public abstract interface SortedSet <E>

A `Set`

that further provides a *total ordering* on its elements.
The elements are ordered using their natural, or by a `Comparator`

typically provided at sorted
set creation time. The set's iterator will traverse the set in
ascending element order. Several additional operations are provided
to take advantage of the ordering. (This interface is the set
analogue of `SortedMap`

.)

All elements inserted into a sorted set must implement the `Comparable`
interface (or be accepted by the specified comparator). Furthermore, all
such elements must be *mutually comparable*: `e1.compareTo(e2)`
(or `comparator.compare(e1, e2)`) must not throw a
`ClassCastException` for any elements `e1` and `e2` in
the sorted set. Attempts to violate this restriction will cause the
offending method or constructor invocation to throw a
`ClassCastException`.

Note that the ordering maintained by a sorted set (whether or not an
explicit comparator is provided) must be *consistent with equals* if
the sorted set is to correctly implement the `Set` interface. (See
the `Comparable` interface or `Comparator` interface for a
precise definition of *consistent with equals*.) This is so because
the `Set` interface is defined in terms of the `equals`
operation, but a sorted set performs all element comparisons using its
`compareTo` (or `compare`) method, so two elements that are
deemed equal by this method are, from the standpoint of the sorted set,
equal. The behavior of a sorted set *is* well-defined even if its
ordering is inconsistent with equals; it just fails to obey the general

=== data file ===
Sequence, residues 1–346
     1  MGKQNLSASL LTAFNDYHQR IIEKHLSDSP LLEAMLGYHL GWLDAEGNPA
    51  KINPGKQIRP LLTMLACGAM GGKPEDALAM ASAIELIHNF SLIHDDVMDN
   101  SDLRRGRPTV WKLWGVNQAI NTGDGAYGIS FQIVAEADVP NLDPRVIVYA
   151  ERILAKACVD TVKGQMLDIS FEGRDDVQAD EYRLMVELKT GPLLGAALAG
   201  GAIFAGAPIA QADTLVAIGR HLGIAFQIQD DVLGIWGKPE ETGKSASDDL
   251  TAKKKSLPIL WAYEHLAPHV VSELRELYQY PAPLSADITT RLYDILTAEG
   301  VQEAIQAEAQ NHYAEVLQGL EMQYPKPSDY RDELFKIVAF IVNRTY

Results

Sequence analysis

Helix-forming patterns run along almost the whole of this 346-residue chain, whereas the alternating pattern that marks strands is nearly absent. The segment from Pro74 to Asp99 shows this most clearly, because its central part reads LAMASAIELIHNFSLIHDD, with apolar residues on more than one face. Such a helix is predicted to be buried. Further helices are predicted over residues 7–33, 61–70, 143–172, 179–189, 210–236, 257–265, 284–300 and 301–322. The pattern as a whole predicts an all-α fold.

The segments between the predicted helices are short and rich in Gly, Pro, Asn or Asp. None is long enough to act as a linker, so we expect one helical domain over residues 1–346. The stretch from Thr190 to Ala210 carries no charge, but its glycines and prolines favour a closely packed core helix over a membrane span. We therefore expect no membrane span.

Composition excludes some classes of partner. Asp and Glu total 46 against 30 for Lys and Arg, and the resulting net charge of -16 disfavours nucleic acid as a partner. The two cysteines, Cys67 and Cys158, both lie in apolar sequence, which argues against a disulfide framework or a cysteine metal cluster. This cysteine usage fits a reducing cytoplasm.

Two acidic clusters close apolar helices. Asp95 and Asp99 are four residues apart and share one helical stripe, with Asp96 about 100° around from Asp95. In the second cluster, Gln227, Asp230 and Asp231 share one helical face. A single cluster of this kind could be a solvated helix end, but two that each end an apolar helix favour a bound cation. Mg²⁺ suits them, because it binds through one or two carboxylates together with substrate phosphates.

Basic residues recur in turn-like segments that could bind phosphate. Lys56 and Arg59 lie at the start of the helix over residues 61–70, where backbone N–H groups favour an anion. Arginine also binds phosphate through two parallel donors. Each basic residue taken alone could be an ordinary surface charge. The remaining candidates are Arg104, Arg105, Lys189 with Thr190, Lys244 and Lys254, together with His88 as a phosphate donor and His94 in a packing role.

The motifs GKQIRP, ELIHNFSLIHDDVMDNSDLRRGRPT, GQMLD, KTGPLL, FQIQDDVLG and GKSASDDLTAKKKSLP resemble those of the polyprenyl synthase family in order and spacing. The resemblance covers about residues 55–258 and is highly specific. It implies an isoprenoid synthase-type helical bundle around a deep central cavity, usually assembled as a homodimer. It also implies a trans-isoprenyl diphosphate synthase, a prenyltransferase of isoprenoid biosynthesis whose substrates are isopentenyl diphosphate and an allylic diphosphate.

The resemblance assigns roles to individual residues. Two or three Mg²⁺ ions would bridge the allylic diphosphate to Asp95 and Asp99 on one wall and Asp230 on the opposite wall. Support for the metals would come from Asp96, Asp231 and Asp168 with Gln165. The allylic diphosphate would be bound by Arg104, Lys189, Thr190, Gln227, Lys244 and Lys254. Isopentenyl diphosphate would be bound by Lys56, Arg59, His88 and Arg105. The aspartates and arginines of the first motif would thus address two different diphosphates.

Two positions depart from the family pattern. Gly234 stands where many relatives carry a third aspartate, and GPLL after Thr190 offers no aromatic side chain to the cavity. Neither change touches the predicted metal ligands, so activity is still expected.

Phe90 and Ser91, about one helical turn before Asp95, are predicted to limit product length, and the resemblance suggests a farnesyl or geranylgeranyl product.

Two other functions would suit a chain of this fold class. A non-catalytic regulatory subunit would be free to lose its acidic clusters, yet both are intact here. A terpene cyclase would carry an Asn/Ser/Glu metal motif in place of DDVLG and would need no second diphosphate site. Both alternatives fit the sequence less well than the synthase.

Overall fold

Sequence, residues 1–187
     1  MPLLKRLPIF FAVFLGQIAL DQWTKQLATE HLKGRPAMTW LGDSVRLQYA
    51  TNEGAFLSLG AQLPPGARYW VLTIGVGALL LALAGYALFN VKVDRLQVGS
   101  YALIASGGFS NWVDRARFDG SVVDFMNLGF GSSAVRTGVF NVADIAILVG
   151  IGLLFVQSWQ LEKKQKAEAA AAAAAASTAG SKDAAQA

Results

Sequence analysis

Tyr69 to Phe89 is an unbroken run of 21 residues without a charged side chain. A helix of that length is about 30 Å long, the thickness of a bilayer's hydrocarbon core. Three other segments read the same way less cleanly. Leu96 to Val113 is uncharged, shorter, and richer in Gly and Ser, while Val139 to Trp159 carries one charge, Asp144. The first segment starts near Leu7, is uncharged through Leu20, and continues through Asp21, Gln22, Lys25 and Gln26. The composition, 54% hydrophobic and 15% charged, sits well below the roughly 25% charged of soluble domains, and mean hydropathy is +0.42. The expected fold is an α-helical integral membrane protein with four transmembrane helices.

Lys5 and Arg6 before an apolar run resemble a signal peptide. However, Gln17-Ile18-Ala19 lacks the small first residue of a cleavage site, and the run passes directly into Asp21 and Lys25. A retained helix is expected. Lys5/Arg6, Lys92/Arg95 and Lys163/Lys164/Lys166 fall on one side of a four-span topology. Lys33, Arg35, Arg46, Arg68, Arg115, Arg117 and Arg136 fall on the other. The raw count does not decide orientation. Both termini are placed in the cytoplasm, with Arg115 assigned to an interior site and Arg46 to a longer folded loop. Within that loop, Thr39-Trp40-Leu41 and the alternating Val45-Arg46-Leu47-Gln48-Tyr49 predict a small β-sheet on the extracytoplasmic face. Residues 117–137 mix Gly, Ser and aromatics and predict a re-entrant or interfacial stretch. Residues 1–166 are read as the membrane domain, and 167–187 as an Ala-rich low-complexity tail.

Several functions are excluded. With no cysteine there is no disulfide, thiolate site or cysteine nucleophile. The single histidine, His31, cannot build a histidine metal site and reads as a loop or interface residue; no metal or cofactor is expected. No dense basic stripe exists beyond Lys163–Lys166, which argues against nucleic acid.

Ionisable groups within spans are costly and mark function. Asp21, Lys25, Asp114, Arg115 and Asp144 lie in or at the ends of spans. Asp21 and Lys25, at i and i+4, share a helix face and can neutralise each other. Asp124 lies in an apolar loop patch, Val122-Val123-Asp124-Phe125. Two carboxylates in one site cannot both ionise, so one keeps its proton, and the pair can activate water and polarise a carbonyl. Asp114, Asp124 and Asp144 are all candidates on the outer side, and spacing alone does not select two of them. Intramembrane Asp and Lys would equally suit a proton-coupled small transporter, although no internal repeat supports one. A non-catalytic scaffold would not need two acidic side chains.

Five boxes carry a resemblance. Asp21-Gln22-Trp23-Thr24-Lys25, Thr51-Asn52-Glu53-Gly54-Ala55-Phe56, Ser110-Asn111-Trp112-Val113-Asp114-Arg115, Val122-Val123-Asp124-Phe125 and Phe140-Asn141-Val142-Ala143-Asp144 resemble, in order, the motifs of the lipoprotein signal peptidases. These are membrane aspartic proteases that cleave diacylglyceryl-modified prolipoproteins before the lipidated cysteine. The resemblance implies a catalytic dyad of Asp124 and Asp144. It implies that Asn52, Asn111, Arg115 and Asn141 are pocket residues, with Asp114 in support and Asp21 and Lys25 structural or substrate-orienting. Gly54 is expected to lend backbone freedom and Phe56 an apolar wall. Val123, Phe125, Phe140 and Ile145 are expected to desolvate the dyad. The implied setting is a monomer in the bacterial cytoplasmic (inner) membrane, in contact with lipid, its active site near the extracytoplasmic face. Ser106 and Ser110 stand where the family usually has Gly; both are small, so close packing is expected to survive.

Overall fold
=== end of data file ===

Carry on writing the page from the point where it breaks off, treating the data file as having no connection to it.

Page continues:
contract of the `Set` interface.

All general-purpose sorted set implementation classes should
provide four "standard" constructors: 1) A void (no arguments)
constructor, which creates an empty sorted set sorted according to
the natural ordering of its elements. 2) A constructor with a
single argument of type `Comparator`, which creates an empty
sorted set sorted according to the specified comparator. 3) A
constructor with a single argument of type `Collection`,
which creates a new sorted set with the same elements as its
argument, sorted according to the natural ordering of the elements.
4) A constructor with a single argument of type `SortedSet`,
which creates a new sorted set with the same elements and the same
ordering as the input sorted set. There is no way to enforce this
recommendation, as interfaces cannot contain constructors.

Note: several methods return subsets with restricted ranges.
Such ranges are *half-open*, that is, they include their low
endpoint but not their high endpoint (where applicable).
If you need a *closed range* (which includes both endpoints), and
the element type allows for calculation of the successor of a given
value, merely request the subrange from `lowEndpoint` to
`successor(highEndpoint)`. For example, suppose that `s`
is a sorted set of strings. The following idiom obtains a view
containing all of the strings in `s` from `low` to
`high`, inclusive:

SortedSet<String> sub = s.subSet(low, high+"\0");A similar technique can be used to generate an

SortedSet<String> sub = s.subSet(low+"\0", high);

This interface is a member of the Java Collections Framework.

**extends**

`<E>` | the type of elements maintained by this set |

Set, TreeSet, SortedMap, Collection, Comparable, Comparator, ClassCastException